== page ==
Making Our Roads Friendly through Culvert Replacement
The Bad River watershed is the largest basin on the south shore of Lake Superior. Fish passage and sedimentation at road stream crossings have been identified as major concerns in the watershed. To address this concern, the Bad River Watershed Association (BRWA) initiated the Culvert Restoration Program to conduct a watershed wide, quantitative road-stream crossing inventory and identify specific sites that are priorities for remediation.
Culverts act as barriers to fish by blocking access to quality habitat upstream. For instance, there may be a drop at the outlet that prevents fish from getting into the pipe, or the water may be flowing too fast for fish, especially smaller ones, to make it all the way through a pipe. Road crossings can also have a negative effect by adding sediments into our stream channels when there is a road failure or a regular eroded stream crossing. The extra sediments can cover the stream bottom, smother insects which are the food for fish, and limit spawning success.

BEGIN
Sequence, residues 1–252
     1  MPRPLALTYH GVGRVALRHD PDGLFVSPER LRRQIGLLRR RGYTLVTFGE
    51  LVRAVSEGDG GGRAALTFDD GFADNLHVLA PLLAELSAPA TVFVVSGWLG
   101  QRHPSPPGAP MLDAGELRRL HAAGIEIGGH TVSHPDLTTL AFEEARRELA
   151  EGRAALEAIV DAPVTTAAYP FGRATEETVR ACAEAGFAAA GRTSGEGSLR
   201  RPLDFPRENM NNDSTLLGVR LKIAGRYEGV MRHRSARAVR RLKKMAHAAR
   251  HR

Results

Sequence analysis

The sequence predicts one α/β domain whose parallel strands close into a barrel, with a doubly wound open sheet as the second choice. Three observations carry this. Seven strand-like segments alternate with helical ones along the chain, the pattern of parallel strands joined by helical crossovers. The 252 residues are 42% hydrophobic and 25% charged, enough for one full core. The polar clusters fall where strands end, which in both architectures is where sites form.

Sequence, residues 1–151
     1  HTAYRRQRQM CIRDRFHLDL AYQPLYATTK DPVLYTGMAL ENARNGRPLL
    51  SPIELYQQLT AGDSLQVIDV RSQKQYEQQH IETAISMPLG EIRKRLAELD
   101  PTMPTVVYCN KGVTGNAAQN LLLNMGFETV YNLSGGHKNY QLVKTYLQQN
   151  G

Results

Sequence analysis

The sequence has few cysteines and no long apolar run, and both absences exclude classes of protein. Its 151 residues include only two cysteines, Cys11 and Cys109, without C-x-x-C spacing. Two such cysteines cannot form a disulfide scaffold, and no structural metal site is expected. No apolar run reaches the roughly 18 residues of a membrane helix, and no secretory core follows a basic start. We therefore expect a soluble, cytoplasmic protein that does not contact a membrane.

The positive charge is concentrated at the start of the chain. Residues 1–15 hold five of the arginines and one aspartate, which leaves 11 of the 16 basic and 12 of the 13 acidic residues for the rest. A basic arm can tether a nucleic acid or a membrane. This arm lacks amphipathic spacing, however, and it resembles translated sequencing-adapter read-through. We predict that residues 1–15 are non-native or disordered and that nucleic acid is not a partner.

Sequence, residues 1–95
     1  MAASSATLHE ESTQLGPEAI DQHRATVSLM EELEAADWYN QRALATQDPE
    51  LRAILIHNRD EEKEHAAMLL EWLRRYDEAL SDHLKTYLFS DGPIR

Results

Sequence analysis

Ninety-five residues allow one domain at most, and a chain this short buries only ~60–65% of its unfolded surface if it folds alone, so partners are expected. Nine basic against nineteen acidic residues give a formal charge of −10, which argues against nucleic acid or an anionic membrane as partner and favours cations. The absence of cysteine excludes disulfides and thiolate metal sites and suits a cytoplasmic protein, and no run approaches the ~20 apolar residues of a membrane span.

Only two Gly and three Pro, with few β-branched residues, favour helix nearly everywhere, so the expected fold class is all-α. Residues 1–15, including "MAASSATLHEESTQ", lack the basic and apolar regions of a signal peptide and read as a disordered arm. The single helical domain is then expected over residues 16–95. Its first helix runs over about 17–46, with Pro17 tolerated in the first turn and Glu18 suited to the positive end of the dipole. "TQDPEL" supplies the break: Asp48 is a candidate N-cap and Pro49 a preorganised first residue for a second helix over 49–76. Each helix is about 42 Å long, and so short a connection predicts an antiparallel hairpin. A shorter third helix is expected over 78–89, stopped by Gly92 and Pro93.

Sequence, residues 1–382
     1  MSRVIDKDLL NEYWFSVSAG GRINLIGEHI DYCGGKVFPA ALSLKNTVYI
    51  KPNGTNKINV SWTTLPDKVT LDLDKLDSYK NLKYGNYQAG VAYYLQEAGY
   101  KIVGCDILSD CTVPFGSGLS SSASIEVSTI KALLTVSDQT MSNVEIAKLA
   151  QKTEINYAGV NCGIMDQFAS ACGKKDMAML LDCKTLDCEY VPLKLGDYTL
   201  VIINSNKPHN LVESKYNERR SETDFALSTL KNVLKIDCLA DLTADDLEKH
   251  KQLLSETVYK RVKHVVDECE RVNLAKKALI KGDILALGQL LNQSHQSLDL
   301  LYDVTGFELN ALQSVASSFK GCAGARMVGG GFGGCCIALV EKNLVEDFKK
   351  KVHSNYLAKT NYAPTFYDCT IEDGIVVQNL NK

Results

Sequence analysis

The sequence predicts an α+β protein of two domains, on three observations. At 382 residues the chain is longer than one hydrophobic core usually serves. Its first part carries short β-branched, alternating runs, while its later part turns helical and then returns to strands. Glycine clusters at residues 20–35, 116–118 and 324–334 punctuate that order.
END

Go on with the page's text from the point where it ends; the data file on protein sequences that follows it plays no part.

BRWA's Culvert Restoration Program aims to:
a. Educate citizens about the environmental and fiscal costs of improperly designed and/or installed culverts
b. Identify and inventory all road/stream crossings in the Bad River Watershed
c. Prioritize crossings in need of repair with respect to fish passage barriers and sedimentation
d. Search for funding to help pay for new installations
The Culvert Restoration Program is successful due to a collaborative partnership of local governments and agencies. Key partners of the program in addition to BRWA are the US Fish and Wildlife Service, Wisconsin DNR, Ashland County, Iron County, Bayfield County, local town officials and road crews, and streamside landowners.